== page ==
Ouagadougou - Anti-coup demonstrators burned tyres at roadblocks in Burkina Faso's capital on Saturday as West African mediators continued pursuing a negotiated resolution to the country's political crisis following the toppling of the transitional government earlier this week.
North of the city centre, smoke rose from barricades where crowds chanted slogans denouncing General Gilbert Diendere, who was named leader of Burkina Faso on Thursday after members of the elite Presidential Security Regiment stormed a government meeting and detained the acting president and prime minister.
Soldiers from the regiment fired on protests after the coup was announced, killing at least six people, but they had little presence on the streets of Ouagadougou on Saturday, emboldening demonstrators who cried out "Homeland or death!"
The coup derailed a yearlong transition process that followed the fall of longtime President Blaise Compaore during a popular uprising last October.
Elections were supposed to be held on October 11, but Diendere, a former top Compaore aide, has said that date is too soon.
Macky Sall, president of Senegal and acting chairperson of the regional Ecowas body, continued meeting with allies and opponents of the Compaore regime. He was joined by Benin President Thomas Boni Yayi.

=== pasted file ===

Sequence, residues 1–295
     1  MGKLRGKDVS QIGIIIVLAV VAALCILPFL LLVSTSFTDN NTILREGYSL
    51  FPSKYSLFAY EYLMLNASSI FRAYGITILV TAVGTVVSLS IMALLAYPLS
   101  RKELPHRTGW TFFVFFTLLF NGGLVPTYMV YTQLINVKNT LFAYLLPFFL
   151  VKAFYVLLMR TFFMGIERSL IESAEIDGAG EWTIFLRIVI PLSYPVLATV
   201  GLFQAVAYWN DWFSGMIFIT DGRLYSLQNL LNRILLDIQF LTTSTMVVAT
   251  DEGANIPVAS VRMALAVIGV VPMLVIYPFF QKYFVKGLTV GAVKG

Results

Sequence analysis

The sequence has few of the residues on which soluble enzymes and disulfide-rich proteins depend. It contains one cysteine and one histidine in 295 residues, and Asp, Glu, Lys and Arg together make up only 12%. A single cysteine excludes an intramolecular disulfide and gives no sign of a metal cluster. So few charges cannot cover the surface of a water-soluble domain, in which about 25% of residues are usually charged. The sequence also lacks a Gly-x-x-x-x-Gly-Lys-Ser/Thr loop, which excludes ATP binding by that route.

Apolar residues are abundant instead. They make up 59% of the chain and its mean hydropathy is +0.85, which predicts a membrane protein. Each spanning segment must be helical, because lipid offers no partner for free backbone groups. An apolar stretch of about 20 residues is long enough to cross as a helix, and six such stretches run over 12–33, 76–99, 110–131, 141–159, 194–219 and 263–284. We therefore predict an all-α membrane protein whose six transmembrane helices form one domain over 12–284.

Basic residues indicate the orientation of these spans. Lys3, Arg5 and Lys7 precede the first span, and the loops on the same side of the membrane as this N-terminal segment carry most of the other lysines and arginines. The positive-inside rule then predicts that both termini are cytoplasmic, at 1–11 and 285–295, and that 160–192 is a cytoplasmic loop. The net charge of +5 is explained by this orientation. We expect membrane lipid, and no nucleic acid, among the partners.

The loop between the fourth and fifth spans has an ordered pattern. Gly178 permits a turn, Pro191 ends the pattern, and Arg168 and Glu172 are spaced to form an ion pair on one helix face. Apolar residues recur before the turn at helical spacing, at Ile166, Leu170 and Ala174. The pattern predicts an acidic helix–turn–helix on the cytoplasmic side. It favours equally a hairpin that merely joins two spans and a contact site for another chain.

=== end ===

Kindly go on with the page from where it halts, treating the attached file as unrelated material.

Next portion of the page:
But on Friday night, after a full day of talks, he noted that the camps showed little will to negotiate.
"There is a critical lack of dialogue among actors, and this will negatively affect national unity and cohesion," Sall warned.
Transition officials have insisted the junta must go.
"The mediators are here to help us find a compromise, but there are things that are non-negotiable," said transitional lawmaker Jean Hobert Bazie, who joined other lawmakers in calling for the return of transitional leader Michel Kafando, who was released from military custody on Friday.
The coup has been condemned by former colonial power France, the United States, the United Nations and the African Union, which suspended the country on Friday.